The government is set for a fiscal windfall of tens of billions of pounds thanks to stronger growth and lower energy prices, making the argument not to contribute to higher public sector pay all the more difficult to maintain, according to the Institute for Fiscal Studies (IFS).

In an analysis released ahead of the 15 March budget, the IFS said that it expected the government to borrow around £30bn less this year than it had forecast in November.

While around £6bn of this is likely to be spent on another freeze of fuel duty, this would still leave borrowing nearly £25bn lower than previously expected.

The IFS said that with the gap between public and private sector pay having widened considerably during the recent spike in inflation, “it is difficult… to see an end to public sector pay disputes that does not involve the Treasury providing some extra cash to departments”.

It said that a CPI-matching 5.5% increase in pay across the public sector would cost around £5bn – an amount which was small compared with the recent underspend.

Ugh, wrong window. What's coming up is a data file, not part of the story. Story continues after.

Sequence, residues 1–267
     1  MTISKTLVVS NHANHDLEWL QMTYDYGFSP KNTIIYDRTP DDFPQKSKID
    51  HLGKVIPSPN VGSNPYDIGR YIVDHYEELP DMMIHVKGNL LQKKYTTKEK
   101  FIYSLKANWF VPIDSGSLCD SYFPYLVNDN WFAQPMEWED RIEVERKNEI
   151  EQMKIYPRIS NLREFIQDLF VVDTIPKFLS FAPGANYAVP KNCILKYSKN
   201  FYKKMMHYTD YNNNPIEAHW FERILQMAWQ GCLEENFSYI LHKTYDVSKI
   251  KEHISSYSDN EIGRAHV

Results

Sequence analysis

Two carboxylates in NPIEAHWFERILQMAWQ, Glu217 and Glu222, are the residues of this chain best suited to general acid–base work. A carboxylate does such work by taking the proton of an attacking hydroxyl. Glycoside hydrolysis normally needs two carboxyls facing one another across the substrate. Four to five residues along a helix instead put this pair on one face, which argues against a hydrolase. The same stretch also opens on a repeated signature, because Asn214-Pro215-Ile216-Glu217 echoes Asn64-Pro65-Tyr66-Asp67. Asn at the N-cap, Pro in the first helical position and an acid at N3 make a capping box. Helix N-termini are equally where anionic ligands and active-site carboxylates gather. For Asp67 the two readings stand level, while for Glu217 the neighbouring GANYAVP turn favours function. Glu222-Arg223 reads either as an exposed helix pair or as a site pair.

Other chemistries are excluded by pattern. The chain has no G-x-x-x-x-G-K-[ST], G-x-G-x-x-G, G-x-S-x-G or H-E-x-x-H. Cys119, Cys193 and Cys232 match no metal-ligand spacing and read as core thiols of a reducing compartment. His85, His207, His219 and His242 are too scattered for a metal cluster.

It added that while the government had argued about the inflationary consequences of higher pay, “this is not a strong argument”.

“Most obviously, the impact of injecting £5bn into an economy with an annual GDP well in excess of £2,000bn would surely be modest,” the IFS declared.

The IFS said that while economists had previously expected a sharp recession in 2023, those expectations had since changed, in large part because wholesale energy costs had fallen more than expected.

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However, it warned that this short-term improvement masked a deeper problem: the UK’s long term growth potential remained disappointingly weak, raising questions about its ability to generate taxes in future.

Isabel Stockton, senior research economist at the IFS, said: “It is difficult to see an end to public sector pay disputes and industrial action that does not involve the Treasury providing additional funding to departments.

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“Short-term improvements in the borrowing outlook could allow for one-off bonuses or backdated pay awards for public sector workers.

“But it is far from clear that these improvements will last and, if the Bank of England is right, the UK’s medium-term growth outlook may have deteriorated.”

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She added: “Short-term savings cannot finance permanently higher spending – which is what a higher consolidated pay rise for public sector workers would entail.

“The chancellor likely has less fiscal room for manoeuvre than recent headlines might suggest.”